Our planet has made a full trip around the sun since we found our home on Washington’s Olympic Peninsula and moved into our beloved, wild yard. To celebrate the occasion, you’re invited to join me for a photo tour of our first year of progress in cultivating an edible landscape!
We’re still pretty early in our growing season up here, so I don’t have much in the way of actual harvest-ready “fruits” of our labor to show off… but this is my 1-year progress report, and maybe later this year I can follow up with an update on the goods (along the way, you’re likely to see highlights on my Instagram feed).
When we moved in, there was a pitiful quartet of past-their-prime cherry and apple trees in the corner of our lot. They were all under-pruned/over-sized, and yields were very low (minus the fruit that the wildlife helped itself to, last summer/fall we collected 3 apples and a single tiny bowl of cherries). Since last year, we up-righted the apple tree that had fallen sideways, cut down masses of dead branches, applied organic fertilizers and hoped for the best. I’m crossing my fingers that those first steps will help give the old trees a boost, and soon I’m planning to do a little more aggressive summer pruning to inhibit growth and hopefully assist future fruiting.
We also added some new blood to the starter orchard: this spring I was very excited to invite two hazelnut trees to join us! They are Eta and Theta cultivars, late season cross-pollinators developed by a breeding program at Oregon State University.
And last August, when my parents came to see our new home for the first time, they treated us to a new 4-way grafted apple tree (Honeycrisp, Liberty, Spartan & Akane varieties). We planted this one into a mature feature garden that looks like it must have been established in the 60’s when our house was built, but was completely consumed with ivy, creeping myrtle and blackberry brambles. We’ve been working hard to restore this area and it’s still in progress, but watching the new apple tree bloom alongside the collection of old-growth rhododendrons makes it feel like a victory garden already!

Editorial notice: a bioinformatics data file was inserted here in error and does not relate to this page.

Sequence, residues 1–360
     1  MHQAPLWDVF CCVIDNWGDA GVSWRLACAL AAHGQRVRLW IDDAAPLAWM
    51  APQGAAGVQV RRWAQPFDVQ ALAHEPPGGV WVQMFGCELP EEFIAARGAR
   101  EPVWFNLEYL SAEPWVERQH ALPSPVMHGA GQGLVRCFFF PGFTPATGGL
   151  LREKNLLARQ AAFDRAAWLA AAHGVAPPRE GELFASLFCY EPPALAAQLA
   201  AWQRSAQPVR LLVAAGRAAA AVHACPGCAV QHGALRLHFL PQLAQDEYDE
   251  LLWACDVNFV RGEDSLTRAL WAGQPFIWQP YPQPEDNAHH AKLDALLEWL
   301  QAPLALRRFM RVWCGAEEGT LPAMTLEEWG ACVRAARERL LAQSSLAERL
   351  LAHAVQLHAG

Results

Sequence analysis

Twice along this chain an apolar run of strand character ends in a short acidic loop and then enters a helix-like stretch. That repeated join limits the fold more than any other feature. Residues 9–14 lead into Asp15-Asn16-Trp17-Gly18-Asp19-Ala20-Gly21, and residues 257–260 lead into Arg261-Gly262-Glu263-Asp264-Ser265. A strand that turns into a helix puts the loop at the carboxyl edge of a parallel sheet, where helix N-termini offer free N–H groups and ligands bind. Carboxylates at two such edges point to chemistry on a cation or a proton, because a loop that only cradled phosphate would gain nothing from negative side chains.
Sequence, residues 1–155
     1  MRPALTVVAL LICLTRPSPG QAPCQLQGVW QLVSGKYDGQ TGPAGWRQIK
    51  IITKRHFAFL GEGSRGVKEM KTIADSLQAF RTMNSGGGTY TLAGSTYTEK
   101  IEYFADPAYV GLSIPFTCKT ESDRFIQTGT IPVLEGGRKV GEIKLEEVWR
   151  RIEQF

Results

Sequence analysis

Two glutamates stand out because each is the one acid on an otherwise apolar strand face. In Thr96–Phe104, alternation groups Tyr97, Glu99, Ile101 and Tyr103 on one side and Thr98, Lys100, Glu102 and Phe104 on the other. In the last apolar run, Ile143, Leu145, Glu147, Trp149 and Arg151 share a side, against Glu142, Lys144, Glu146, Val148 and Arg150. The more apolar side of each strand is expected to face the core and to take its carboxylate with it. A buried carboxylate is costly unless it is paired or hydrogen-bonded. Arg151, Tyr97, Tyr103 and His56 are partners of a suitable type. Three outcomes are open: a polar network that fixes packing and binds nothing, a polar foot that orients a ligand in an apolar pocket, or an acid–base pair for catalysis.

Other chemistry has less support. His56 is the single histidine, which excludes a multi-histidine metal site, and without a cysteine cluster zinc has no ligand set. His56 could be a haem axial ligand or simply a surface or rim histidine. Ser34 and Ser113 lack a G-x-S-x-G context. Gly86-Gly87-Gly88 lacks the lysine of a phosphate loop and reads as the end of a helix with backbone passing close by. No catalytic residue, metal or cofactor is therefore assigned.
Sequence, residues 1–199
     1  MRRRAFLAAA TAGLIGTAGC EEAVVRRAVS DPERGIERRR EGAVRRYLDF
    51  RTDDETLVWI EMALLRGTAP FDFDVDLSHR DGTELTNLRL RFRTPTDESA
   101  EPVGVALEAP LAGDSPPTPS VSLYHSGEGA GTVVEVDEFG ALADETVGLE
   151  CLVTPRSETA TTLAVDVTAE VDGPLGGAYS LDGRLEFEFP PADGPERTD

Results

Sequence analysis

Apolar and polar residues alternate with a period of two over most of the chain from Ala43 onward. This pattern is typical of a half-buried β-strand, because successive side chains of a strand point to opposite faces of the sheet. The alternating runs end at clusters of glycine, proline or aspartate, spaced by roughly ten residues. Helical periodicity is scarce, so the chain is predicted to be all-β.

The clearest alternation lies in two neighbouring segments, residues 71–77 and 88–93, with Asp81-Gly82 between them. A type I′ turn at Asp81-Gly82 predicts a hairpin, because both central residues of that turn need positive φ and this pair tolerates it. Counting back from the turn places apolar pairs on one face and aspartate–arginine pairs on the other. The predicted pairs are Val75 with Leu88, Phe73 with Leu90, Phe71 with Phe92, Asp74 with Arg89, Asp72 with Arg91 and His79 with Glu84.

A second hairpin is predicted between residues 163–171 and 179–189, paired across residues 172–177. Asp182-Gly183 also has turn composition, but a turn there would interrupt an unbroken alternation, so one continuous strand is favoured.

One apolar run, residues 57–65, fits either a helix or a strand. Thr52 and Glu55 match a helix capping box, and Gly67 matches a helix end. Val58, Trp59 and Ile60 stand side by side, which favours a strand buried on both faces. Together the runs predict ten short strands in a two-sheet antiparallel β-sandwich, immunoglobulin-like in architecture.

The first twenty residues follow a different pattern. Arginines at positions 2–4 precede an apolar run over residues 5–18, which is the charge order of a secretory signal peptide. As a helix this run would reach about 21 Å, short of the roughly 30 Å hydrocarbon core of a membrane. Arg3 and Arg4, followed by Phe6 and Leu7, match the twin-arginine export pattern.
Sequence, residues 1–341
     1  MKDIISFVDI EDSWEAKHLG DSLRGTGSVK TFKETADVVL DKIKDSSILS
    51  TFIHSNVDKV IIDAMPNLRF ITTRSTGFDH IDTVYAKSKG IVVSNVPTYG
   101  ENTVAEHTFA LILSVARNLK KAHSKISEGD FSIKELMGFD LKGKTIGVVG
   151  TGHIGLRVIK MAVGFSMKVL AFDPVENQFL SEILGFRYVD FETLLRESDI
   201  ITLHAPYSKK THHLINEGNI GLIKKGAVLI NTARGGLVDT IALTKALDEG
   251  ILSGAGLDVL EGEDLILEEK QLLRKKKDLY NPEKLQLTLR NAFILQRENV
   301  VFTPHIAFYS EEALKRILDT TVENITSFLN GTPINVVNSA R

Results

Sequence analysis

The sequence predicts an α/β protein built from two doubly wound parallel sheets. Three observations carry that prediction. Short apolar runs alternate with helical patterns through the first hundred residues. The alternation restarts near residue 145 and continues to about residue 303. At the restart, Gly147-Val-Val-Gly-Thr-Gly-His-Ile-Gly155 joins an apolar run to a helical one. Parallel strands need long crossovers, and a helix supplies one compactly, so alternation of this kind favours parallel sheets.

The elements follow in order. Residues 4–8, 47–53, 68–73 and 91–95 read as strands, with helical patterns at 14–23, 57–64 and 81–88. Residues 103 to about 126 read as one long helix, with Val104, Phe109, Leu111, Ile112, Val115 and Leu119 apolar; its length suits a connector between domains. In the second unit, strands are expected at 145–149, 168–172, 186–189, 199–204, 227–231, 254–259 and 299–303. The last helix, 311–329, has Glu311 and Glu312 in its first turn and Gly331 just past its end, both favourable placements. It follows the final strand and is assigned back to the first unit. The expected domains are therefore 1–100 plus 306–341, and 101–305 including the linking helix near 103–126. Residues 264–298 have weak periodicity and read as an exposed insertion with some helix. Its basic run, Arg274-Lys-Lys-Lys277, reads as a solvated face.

For our vegetable gardening, we’ve been taking a gradual approach, trying not to get over-ambitious while we juggled the rest of our first-year fixer-upper tasks. We started with two raised beds (built simply from cedar fence pickets and square posts) flanking our house’s deck, and another two placed in the sunniest space in our yard. The latter two are jam-packed – we’ve planted carrots, beets, butternut squash, corn, peppers, and romanesco, all from seed. They’re joined by a few containers holding tomatoes, potatoes, and dahlia bulbs.
By the deck, we planted one bed with turmeric and ginger roots (I read that it could work for me here in zone 8B, but no action yet… ) and then also sowed it with a surplus of cilantro and sunflower seeds. The containers next to it are sort of a “rescue nursery” of found plants left by past gardeners around the yard, including lemon balm, oregano, chives, and mint among the edibles.
The other deck-bed holds a strawberry patch, featuring the same cultivated ever-bearers that lived on my Seattle balcony-garden, along with some carefully collected and transplanted wildlings.
Wild strawberries? Yes! Strawberry plants are running wild through several corners of my yard, especially in this patch on the edge of the rhododendron garden. We’ve been weeding them and revering them and I hope they will thrive.
One of our ongoing goals has been to encourage native berries to propogate. Blackberries and thimbleberries are endemic on our lot, and we’ve been digging them up from tight spots in paths and flower beds and transplanting them down by the river, where a number of them are already established and we hope we can get them all to spread along the whole slope of the bank. There are a handful of salmonberry plants in the same area, and we also brought 10 each elderberries and serviceberries home from our local conservation society’s annual native plant sale. Go berries go!
Another major goal this year was to plant an asparagus patch. I’ve long dreamt of caring for a perennial bed that would come back with a seasonal crop every year, so I couldn’t wait to get it going ASAP. I set my heart on a spot that ended up taking two weeks longer to dig up than expected, but I got my crowns in the ground by the end of March. The growth has been a little wimpy so far, but I hope after letting them grow undisturbed this season, they’ll come around by this time next year.
Finally, our edible perennial collection was given a head start by one more surprise volunteer back in the rhododendron garden: rhubarb! This cluster popped up at the beginning of spring this year, in a place where we had dug up and torn out a layer of plastic sheeting that a prior homeowner had apparently used to suppress weeds between beds. We can only guess that this rhubarb was planted by an earlier gardener and laid dormant for potentially decades? Welcome back, baby! It grew up into a pretty huge and healthy plant, big enough that I think in the fall I’ll be able to divide it into 4 or 5 pieces to spread out and re-invigorate for a bright future.
It’s been an adventure getting to know this new environment – what a trip! If any seasoned gardeners (especially in similar climates) have insights or advice to share, please do!
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